contemporary worship

Creating Unique Musical Underscores for Worship: My Step-By-Step Approach

Creating Unique Musical Underscores for Worship: My Step-By-Step Approach

You know when you go see a movie and you get a feeling for what’s about to happen before it happens? It’s not the dialogue that does that, it’s the musical underscoring.

A musical underscore is music played underneath dialogue or acting of some kind, often to help set the scene or create a mood. (source)

In movies, it heightens our emotions and helps us connect to the story and the characters in a more personal way.

The same is true for worship.

Top 20 Contemporary Music Resources

Top 20 Contemporary Music Resources

A few weeks ago, I wrote a post called, "Contemporary Music for Traditional Congregations," which included practical suggestions and a list of 20 accessible contemporary songs for more traditional worship (read it here, in case you missed it). I know what you're thinking: "That's great, but where do I go to actually find this music?"

I asked the same question earlier this year. You see, our church is currently having these same conversations. In fact, we're talking about it in a series of meetings this week:

- How can we begin incorporating more contemporary music into our services?
- Where do we find this music? 
- Who from our church can sing/play/lead it?

I did a little homework and today, I'm sharing a round-up of contemporary music resources - places to listen to and download individual songs (lead sheets, chord charts, instrumental parts, choral scores, etc.), where to find lyrics, and several useful collections for choir, praise team, and congregational use.

Happy searching!

Contemporary Music for Traditional Congregations

Contemporary Music for Traditional Congregations

"We need to keep up with the times!""We need to preserve our history!""We need to attract more millenials!"

Contemporary vs. traditional. It's enough to spark debate (or cause a war) in some congregations. But why does it have to be one or the other? Why does including contemporary music mean that we can't have a choir or use the organ or sing hymns? I believe there is a place for both in modern worship.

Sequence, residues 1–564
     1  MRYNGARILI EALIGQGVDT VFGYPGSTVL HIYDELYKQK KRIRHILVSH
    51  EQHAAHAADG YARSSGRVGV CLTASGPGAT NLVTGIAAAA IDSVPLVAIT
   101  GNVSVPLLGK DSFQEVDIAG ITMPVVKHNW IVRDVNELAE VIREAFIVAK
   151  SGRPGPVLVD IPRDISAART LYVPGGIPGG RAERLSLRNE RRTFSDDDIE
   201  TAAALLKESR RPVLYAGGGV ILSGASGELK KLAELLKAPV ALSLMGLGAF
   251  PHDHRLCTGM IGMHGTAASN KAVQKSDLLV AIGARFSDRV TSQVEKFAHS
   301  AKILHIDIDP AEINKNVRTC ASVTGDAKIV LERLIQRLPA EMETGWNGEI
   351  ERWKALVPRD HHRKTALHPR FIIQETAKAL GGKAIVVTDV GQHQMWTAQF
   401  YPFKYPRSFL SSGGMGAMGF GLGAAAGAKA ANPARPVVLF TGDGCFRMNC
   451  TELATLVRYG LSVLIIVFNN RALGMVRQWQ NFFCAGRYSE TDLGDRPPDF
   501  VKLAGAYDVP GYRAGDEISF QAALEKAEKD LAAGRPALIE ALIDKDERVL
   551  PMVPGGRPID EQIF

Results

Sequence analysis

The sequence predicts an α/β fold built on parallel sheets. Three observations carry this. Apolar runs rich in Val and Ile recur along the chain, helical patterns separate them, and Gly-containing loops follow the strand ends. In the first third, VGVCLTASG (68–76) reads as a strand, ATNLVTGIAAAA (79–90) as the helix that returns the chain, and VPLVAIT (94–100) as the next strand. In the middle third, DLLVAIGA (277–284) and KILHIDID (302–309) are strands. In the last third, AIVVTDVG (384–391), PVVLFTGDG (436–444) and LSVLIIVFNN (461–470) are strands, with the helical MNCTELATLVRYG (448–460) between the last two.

Emerging in the late 1960s and early 1970s, Contemporary Christian Music (CCM) was influenced by the Rock 'n' Roll of the 1950s and popular styles of the times (source). Today, contemporary worship often refers to musical style (rather than date of composition), incorporating popular song forms (verse, chorus, bridge), style (hip-hop, rock, acoustic, country, etc.), popular instruments (guitar, drums, keyboard, electric bass, etc.), and simple lyrics written in modern language. 

The big question is, can all musical styles be considered sacred? Here's what I think:

"Music has sacred significance and purpose within the liturgy whenever it brings sacred associations to the minds and hearts of the worshipers. Does all music have the potential to acquire sacred meaning? Swain (2012) wrote, 'As long as the music is a means of proclaiming the Word and is not the Word itself, it is theoretically possible for any kind of music to acquire a sacred semantic' (p. 196)." - On Musical Meaning